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Can the wild tiger be saved? World's population finally sees first spike in 100 years


Wild tiger populations

(NaturalNews) Great news for the wild tiger – after almost 100 years of constant decline, global populations of this magnificent creature are thought to be on the rise, as reported by Newsweek. According to the most recent data by the World Wildlife Fund, there are approximately 3,890 tigers in the wild today – compared with an estimated 3,200 in 2010.

Populations of wild tigers are estimated using national surveys which have recently been improved – this improvement in methods is thought to be part of the reason why the estimated minimum number has increased. Rising populations in India, Russia, Nepal and Bhutan are thought to also be due to enhanced protection of the amazing species, according to the World Wildlife Fund (WWF).

Quick facts about wild tigers, as stated by the WWF:
• They are the largest of all Asian big cats
• They depend on sight and sound more than smell
• A tiger can eat up to 88 pounds of meat at one time
• Each tiger can give birth to two or three cubs every two years
• Males can weigh up to 660 pounds

What are the risks to wild tigers?

At the start of the 20th century, there were more than 100,000 tigers in the world, according to a report by Caroline Fraser for Yale Environment 360. Today there are fewer than 4,000.

Tigers face a wide variety of threats, some of which are due to growing human populations which have caused habitat loss and greater exposure to people, as tigers are forced to compete for space. Habitat loss and the increasing amount of fragmentation of the tiger's ideal environment mean that the tiger has to travel farther for food and safety – and that there is an increasing number of conflicts with people, including farmers and their livestock.

According to Newsweek, tigers are also killed by poachers who will sell their body parts, including skin, on the black market to be used as decoration, rugs or in traditional Chinese medicine. Poaching will continue to be a threat for tigers as long as the demand for tiger products exists in China.

Poaching is a problem for a range of species all over the world and has been declared a "national disaster" in Kenya, according to Newsmax. An increase in wealth throughout Asia continues to contribute to the illegal poaching of animals, such as the killing of rhinos for their valuable horns.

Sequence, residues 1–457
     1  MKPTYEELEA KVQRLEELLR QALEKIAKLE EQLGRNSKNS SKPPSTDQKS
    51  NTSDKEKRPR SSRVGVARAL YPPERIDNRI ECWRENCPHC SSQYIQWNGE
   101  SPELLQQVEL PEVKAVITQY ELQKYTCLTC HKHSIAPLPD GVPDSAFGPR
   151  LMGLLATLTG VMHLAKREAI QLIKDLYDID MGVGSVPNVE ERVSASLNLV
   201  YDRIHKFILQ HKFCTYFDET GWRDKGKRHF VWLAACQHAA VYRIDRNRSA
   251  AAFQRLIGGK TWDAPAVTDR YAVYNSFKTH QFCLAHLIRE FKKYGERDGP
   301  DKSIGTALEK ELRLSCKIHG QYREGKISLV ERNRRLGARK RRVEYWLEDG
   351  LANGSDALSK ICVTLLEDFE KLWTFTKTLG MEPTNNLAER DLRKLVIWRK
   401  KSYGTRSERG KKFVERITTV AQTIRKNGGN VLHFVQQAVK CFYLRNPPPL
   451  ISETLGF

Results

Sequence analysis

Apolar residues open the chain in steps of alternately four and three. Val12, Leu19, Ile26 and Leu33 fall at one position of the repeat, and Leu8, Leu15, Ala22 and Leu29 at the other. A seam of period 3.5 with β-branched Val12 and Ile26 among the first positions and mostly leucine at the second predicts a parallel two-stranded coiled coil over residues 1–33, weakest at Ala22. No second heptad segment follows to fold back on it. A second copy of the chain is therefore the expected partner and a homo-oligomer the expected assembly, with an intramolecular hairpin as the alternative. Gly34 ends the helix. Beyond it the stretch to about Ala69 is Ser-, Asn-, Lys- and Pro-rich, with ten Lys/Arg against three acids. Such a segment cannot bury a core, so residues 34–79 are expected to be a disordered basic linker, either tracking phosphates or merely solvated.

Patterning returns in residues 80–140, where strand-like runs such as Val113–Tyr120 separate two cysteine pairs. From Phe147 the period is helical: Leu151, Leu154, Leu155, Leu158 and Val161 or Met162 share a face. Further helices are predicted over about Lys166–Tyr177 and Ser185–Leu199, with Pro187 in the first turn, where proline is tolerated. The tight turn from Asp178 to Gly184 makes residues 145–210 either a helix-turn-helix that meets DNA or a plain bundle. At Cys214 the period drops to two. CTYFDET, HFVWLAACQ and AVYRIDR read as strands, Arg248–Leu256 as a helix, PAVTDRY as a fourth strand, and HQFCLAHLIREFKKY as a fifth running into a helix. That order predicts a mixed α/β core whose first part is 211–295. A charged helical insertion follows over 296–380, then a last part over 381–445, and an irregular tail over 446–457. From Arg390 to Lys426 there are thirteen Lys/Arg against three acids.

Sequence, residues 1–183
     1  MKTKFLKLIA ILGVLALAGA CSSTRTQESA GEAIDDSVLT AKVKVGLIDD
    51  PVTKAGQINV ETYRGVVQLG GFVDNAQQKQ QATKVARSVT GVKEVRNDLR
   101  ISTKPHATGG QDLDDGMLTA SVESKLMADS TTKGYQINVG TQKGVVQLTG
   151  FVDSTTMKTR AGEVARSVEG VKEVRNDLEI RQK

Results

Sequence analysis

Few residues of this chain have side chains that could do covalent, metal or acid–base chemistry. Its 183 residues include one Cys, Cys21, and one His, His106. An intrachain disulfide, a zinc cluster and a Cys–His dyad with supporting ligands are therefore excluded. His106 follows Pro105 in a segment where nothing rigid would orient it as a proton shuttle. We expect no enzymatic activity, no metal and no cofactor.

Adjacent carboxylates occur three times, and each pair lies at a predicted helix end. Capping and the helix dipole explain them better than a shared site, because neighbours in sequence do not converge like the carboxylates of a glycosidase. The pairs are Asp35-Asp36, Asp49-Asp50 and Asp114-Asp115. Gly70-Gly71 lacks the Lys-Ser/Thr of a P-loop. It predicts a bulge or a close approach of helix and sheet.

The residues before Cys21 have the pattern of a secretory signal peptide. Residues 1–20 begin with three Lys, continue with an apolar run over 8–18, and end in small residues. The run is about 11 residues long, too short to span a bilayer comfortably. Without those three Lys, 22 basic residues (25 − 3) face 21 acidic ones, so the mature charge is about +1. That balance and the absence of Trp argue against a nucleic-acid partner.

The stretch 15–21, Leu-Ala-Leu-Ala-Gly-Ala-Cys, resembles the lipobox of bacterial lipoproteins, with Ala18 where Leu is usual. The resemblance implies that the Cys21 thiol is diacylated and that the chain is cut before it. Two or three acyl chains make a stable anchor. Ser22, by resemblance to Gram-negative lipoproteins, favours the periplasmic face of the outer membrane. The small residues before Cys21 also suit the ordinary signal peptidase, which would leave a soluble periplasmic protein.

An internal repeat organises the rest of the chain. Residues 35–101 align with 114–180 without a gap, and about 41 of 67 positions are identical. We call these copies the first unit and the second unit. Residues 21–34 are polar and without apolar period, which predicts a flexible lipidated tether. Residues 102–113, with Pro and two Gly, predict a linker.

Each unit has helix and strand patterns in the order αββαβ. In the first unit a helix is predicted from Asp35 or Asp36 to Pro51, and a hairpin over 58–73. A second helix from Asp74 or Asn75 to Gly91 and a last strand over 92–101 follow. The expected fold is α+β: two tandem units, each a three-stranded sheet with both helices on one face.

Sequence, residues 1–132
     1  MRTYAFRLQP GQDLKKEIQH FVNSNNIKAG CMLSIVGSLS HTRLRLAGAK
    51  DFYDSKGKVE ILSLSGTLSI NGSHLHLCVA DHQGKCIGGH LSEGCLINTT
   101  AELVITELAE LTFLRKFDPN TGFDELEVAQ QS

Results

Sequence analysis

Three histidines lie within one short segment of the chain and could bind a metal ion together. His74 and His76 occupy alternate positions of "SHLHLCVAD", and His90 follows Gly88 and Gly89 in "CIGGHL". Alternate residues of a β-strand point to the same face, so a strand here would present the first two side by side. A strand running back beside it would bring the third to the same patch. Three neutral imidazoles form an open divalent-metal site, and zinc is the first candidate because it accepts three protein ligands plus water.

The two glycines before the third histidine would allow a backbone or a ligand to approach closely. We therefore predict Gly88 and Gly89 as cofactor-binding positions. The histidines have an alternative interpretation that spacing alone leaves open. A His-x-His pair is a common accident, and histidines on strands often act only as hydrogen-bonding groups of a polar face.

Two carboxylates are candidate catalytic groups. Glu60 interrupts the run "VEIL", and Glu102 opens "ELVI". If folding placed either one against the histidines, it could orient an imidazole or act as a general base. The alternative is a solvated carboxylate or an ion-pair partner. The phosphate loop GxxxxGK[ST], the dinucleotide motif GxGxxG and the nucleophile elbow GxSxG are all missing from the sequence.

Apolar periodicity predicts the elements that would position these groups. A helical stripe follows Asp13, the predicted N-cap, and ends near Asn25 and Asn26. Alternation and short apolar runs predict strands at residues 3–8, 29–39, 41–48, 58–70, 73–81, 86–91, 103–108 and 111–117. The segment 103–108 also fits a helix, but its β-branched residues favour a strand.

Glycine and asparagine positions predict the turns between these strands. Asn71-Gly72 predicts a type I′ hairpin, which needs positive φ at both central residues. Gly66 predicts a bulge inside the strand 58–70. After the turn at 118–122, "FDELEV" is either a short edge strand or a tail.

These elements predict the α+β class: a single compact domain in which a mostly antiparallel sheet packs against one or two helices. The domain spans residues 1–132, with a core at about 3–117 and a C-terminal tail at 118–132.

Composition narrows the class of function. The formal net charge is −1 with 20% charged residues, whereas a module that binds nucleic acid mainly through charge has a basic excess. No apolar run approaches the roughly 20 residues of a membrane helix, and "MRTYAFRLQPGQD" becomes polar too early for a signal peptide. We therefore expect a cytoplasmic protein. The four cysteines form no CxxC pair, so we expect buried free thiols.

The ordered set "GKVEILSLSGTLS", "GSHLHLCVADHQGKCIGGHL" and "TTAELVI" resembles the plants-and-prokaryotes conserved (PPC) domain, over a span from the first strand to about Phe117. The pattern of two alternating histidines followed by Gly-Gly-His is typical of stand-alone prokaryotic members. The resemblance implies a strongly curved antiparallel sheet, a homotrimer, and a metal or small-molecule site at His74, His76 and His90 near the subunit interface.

But numbers of wild tigers are increasing?

The findings are being praised as an important step towards a pretty challenging goal that was set by governments of countries that have wild populations of tigers in 2010 – to double their numbers worldwide by 2022. The increase has been driven by these political commitments and efforts by relevant countries – the latest report shows that tiger populations are indeed heading in the right direction, as a result of better protection.

It seems that tiger populations are able to rebound fairly promptly if left alone, which has proven to be the case in Nepal, where there numbers have increased by 63% over the last five years, as reported by Newsweek.

According to Ginette Hemley, senior vice president of wildlife conservation at WWF, "This is a pivotal step in the recovery of one of the world's most endangered and iconic species. Together with governments, local communities, philanthropists, and other NGOs, we've begun to reverse the trend in the century-long decline of tigers. But much more work and investment is needed if we are to reach our goal of doubling wild tiger numbers by 2022."

The WWF adds however that every "part of the tiger—from whisker to tail—is traded in illegal wildlife markets, feeding a multi-billion dollar criminal network," and this means that they are still today a prime target for poachers.

Sources include:

Newsweek.com

Newsmax.com

WorldWildlife.org

e360.Yale.edu

Science.NaturalNews.com

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